Classical 104: Five Steps to Improving Every Classroom

Good teachers want to be effective; administrators want to be able to provide concrete advice that helps them to achieve their goals. This workshop looks at five characteristics of classical teaching and learning that can be applied in any Christian school classroom. Students will learn more, and you’ll have more fun teachings them!

Charles Evans

Chuck has been a proponent of classical Christian schooling since he became the founding Head of School of Faith Christian School in Roanoke, Virginia, in 1996. As a consultant since 2006, Chuck has assisted dozens of schools in various aspects of development. He was involved in the original leadership of SCL and helped co-found the Council on Educational Standards and Accountability (CESA). He is an annual presenter at the Van Lunen Center for Christian School Management's Fellows Program, and he teaches each summer at Vanderbilt University. Chuck and his wife, Julie, live in Austin. They are blessed with seven children, three dogs, two cats and a rabbit. Really.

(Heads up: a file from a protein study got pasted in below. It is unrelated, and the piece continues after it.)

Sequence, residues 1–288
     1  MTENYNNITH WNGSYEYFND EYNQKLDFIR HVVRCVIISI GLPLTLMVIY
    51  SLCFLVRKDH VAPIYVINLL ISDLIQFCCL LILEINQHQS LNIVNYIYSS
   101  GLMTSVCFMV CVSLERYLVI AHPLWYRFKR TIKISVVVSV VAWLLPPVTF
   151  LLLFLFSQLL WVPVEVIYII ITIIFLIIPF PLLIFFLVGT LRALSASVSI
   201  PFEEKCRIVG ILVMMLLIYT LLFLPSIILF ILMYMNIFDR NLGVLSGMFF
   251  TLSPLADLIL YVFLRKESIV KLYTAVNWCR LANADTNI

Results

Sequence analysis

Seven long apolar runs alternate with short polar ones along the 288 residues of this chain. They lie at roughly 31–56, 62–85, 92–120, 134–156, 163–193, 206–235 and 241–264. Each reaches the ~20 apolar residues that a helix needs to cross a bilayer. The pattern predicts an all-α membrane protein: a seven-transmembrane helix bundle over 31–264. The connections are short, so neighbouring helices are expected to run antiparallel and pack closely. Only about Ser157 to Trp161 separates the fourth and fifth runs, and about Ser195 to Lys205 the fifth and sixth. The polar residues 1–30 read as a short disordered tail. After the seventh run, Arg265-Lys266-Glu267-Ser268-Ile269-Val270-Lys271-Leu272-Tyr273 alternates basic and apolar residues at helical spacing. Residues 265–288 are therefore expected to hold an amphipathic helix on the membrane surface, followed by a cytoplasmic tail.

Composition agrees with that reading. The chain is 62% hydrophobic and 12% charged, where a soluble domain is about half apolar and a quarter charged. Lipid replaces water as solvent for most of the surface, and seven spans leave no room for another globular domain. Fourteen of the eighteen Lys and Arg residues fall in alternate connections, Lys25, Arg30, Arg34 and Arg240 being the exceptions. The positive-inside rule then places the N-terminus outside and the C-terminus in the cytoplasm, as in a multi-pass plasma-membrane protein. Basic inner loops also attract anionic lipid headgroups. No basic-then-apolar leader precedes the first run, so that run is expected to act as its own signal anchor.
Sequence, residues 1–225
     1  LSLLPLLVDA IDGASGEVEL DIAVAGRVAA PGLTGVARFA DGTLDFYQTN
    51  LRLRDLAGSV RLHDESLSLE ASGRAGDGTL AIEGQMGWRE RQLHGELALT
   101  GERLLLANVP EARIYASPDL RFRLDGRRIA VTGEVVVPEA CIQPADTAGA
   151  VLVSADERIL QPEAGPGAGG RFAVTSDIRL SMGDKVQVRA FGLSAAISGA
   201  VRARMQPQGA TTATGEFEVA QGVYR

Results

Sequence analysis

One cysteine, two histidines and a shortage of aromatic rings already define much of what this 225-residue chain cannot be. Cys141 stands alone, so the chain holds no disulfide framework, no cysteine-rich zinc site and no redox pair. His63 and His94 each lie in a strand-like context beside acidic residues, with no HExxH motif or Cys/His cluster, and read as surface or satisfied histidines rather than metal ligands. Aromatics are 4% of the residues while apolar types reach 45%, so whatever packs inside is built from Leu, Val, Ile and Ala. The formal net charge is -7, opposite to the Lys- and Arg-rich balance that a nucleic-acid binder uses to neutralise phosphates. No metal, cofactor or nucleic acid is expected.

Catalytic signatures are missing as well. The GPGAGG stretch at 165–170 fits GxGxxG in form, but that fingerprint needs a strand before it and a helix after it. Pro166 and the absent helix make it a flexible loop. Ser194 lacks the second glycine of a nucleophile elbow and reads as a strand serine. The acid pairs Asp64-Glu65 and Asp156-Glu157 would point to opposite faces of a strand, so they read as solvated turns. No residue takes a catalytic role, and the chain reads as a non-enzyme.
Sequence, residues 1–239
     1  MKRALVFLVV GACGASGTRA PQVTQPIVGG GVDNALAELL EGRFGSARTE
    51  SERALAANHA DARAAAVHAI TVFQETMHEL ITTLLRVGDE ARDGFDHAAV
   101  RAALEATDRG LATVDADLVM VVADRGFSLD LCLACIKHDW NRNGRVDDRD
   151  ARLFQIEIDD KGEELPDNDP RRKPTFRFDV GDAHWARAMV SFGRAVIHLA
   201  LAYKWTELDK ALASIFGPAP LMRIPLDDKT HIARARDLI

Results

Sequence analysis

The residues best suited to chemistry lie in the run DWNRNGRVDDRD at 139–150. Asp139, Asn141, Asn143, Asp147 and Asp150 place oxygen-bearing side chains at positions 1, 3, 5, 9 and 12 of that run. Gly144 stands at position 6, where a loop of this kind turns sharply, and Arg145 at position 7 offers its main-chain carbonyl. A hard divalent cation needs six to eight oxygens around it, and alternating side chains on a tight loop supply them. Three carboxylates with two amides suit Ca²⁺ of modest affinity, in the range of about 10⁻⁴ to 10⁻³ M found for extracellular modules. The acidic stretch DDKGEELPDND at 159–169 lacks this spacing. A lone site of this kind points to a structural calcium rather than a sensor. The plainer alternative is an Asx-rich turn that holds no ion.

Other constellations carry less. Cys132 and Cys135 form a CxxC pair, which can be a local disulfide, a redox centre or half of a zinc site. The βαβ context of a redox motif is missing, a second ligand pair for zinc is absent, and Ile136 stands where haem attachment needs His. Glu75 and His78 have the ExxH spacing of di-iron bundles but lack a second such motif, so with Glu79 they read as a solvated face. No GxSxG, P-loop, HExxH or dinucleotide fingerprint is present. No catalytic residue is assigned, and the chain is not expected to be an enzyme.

Can Good Government Save Us?

I think the poet Catullus is noted first to have said, “The government that governs least, governs best.” Paine, Jefferson and Thoreau each followed with their own versions of the sentiment, though each also with their own intent. As a principle, I tend to agree, but in the current climate, I’m not sure anyone else does.

We do rely on our governments, though. In times of war or economic disaster, where else would we turn for protection or assurance? In the modern era, governments both reflect and shape the values of the governed. Even in an age of disenfranchised democracy, we hold up our own government as a symbol of who we are, what we really believe.